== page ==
0%

(2/2294)

2

Open reduction and plate fixation with cable augmentation proximally

63%

(1435/2294)

3

Revision arthroplasty with a cementless long stem bypassing the fracture site by two cortical diameters

26%

(602/2294)

4

Revision arthroplasty with cemented femoral stem bypassing the fracture site by two cortical diameters

2%

(49/2294)

5

Revision arthroplasty with cementless long stem bypassing the fracture site by two cortical diameters and allograft strut augmentation

9%

(200/2294)

Select Answer to see Preferred Response

PREFERRED RESPONSE 2

(OBQ12.217) An 82-year-old male sustains a ground level fall and sustains the injury shown in Figure A. Which of the following treatment methods is most appropriate for treating this injury? Review Topic

QID: 4577
FIGURES:
1

Closed reduction and functional bracing

0%

(6/3101)

2

Open reduction and fixation with a plate with screws and cerclage cables

86%

(2653/3101)

3

Open reduction and fixation with a cortical allograft strut and cerclage cables

11%

(349/3101)

4

Revision hip arthroplasty with bridging of the fracture with a plate with screws and cerclage cables

1%

(43/3101)

5

Total femoral replacement

1%

(34/3101)

Select Answer to see Preferred Response

PREFERRED RESPONSE 2

(OBQ12.78) A 78-year-old female undergoes total hip arthroplasty through a minimally invasive surgical approach. During insertion of a metaphyseal fixation stem with a cementless press-fit technique, a crack in the calcar is identified. The stem is removed, two cable wires are passed around the calcar, and the same stem is reinserted. Which of the following statements is true? Review Topic

QID: 4438
1

The patient should be advised she is at greater risk of stem subsidence and early revision

19%

(772/4073)

2

Female sex is a risk factor for intraoperative calcar fracture

59%

(2384/4073)

3

A better outcome would be expected if a long-stem diaphyseal fixation stem had been inserted after recognition of the calcar fracture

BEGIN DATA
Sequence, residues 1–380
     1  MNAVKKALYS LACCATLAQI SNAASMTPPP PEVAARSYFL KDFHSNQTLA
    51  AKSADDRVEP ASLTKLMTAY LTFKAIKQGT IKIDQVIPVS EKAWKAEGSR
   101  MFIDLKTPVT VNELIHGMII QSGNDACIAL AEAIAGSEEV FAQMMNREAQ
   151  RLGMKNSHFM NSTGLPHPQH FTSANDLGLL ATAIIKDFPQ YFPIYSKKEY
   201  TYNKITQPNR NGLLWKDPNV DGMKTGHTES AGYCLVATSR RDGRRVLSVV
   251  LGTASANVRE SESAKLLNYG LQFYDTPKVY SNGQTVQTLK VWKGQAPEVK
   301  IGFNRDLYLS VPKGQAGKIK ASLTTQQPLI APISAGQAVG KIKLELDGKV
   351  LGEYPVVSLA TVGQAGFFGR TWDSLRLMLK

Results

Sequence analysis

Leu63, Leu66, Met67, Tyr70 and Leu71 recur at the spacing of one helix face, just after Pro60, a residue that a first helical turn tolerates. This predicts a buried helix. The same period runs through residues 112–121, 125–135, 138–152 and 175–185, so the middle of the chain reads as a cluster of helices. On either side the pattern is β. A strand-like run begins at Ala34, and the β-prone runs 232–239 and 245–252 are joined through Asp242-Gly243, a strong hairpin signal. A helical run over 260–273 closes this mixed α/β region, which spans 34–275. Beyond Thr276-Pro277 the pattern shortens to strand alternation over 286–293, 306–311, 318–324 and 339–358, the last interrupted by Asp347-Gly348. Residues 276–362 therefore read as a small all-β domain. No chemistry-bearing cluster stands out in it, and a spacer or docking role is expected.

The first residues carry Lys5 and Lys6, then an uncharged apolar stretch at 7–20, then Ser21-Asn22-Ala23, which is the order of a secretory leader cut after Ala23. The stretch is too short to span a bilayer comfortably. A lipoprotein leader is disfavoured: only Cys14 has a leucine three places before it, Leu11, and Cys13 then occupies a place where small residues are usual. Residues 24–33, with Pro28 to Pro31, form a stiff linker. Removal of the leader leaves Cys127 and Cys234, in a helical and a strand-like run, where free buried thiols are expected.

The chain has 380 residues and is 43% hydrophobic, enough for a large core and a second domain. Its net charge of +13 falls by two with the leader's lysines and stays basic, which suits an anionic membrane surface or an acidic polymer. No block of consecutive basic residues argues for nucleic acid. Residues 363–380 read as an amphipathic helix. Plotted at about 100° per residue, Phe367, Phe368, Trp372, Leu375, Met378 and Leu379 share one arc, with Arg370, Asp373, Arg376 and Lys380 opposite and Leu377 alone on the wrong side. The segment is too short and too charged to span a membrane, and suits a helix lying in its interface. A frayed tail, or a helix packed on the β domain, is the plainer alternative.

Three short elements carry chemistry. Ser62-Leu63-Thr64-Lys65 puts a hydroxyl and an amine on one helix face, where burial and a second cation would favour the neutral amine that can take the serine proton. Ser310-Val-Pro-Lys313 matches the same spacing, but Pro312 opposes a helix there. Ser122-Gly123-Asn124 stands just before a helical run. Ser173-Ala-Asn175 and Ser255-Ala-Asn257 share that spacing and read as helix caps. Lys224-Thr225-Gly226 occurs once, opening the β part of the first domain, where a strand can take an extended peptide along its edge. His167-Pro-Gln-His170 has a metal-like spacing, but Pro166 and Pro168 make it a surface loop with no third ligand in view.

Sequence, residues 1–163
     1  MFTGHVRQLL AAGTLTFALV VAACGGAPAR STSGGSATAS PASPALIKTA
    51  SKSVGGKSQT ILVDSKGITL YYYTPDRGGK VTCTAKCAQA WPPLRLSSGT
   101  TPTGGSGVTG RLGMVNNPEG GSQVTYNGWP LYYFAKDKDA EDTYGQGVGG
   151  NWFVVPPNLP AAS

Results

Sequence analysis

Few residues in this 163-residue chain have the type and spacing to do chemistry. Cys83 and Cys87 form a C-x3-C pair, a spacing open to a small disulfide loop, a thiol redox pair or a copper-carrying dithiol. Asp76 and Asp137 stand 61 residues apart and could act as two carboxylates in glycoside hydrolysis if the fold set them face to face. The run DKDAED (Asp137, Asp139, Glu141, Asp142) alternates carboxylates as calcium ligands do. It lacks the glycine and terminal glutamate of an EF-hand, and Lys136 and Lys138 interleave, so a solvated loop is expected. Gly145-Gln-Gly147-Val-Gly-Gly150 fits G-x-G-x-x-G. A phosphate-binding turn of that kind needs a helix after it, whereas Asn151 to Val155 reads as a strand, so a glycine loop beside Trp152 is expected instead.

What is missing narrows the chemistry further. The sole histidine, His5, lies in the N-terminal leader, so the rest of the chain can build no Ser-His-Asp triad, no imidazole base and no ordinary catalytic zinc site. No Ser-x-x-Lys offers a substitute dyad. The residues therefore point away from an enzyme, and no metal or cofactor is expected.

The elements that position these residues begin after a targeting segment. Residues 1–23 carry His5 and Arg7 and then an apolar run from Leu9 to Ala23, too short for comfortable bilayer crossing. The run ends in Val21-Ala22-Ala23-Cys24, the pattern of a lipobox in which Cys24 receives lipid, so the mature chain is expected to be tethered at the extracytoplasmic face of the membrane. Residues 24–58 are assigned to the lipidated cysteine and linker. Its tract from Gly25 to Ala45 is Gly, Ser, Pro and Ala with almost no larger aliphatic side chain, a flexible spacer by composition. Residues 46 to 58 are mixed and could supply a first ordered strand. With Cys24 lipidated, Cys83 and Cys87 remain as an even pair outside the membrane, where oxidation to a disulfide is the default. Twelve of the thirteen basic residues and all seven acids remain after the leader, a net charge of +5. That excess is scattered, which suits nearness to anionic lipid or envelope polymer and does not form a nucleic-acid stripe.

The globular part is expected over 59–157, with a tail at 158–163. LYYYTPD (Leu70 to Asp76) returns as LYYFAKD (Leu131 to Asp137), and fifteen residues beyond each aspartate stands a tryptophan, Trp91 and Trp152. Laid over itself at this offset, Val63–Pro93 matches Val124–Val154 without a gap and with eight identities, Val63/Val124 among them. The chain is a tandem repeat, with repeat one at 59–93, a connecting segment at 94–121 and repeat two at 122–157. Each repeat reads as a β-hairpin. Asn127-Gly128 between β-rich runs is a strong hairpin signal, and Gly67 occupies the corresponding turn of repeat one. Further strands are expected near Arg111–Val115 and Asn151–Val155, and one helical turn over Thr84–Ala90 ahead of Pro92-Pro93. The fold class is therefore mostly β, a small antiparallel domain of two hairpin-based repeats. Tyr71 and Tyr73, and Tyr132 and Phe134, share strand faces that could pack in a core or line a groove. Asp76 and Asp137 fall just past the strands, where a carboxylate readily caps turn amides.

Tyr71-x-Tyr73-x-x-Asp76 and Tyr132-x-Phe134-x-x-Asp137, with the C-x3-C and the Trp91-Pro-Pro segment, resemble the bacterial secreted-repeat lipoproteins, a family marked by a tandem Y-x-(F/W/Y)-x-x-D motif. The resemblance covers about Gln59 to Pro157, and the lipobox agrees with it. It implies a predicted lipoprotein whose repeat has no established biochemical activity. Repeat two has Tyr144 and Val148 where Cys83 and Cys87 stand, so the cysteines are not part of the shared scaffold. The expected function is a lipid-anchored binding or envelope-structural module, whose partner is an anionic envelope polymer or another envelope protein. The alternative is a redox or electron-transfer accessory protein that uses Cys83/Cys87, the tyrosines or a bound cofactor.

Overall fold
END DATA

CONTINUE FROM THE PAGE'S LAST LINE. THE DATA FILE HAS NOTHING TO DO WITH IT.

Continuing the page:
14%

(586/4073)

4

Cementless press-fit technique is not a risk factor for intraoperative fracture

1%

(59/4073)

5

Minimally invasive surgical approach is not a risk factor for intraoperative fracture

6%

(251/4073)

Select Answer to see Preferred Response

PREFERRED RESPONSE 2

(SBQ07HK.62) A 88-year-old female fell onto her right hip sustaining the fracture shown in Figure A. Past medical history is significant for mild dementia and moderate coronary artery disease. At baseline, she ambulates with a walker. There are concerns about her ability to maintain weight-bearing precautions following surgery. Which of the following is most appropriate for management of the femoral side? Review Topic

QID: 1647
FIGURES:
1

Revision total hip replacement with a proximally coated femoral stem

4%

(76/1833)

2

Open reduction, internal fixation with plate and cerclage wires

8%

(141/1833)

3

Proximal femoral replacement with megaprosthesis

85%

(1549/1833)

4

Impaction bone grafting

0%

(5/1833)

5

Cortical strut allograft with cerclage wiring

3%

(56/1833)

Select Answer to see Preferred Response

PREFERRED RESPONSE 3

(OBQ08.125) A 65-year-old healthy patient fell 18 years after a total hip arthroplasty and sustained the fracture shown in Figure A. What is the most appropriate treatment? Review Topic

QID: 511
FIGURES:
1

Percutaneous locked plating

1%

(9/1561)

2

Open reduction internal fixation with a cable plate and allograft strut

4%

(64/1561)

3

Revision to a long, porous coated femoral stem with biplanar allograft struts

85%

(1320/1561)

4

Revision to a cemented revision femoral stem that bypasses the fracture site by 5 cm

9%

(148/1561)

5

Three months of non-weight bearing

1%

(12/1561)

Select Answer to see Preferred Response

PREFERRED RESPONSE 3

(OBQ06.180) A 78-year-old male falls at home four months following a right total hip arthroplasty. Right leg deformity, pain, and inability to bear weight are present on physical exam. An injury radiograph is provided in Figure A, while radiographs taken immediately following the initial total hip arthroplasty are provided in Figures B and C. The patient denies any prodromal groin pain prior to his fall. Which of the following is the best treatment option? Review Topic

QID: 366
FIGURES:
1

Traction for 6 weeks followed by slow return to weight bearing

0%

(1/961)

2

Open reduction and internal fixation

81%

(775/961)

3

Revision to a long, cementless femoral stem

13%

(122/961)

4

Revision to a long, cementless stem with strut allograft

3%

(30/961)

5

Revision to a long, cemented stem

2%

(24/961)

Select Answer to see Preferred Response

PREFERRED RESPONSE 2

(OBQ05.124) An 82-year-old woman falls and sustains the fracture shown in figure A. She denies any history of dislocation or prodromal pain prior to her fall. What is the most appropriate treatment? Review Topic

QID: 1010
FIGURES:
1

Toe-touch weightbearing

0%

(1/805)

2

Open reduction internal fixation with a cable plate

9%

(73/805)

3

Revision of the femur with a long, cementless stem

81%

(655/805)

4

Revision of the femur with a long, cemented stem

8%

(68/805)

5

Girdlestone resection arthroplasty

0%

(2/805)

Select Answer to see Preferred Response

PREFERRED RESPONSE 3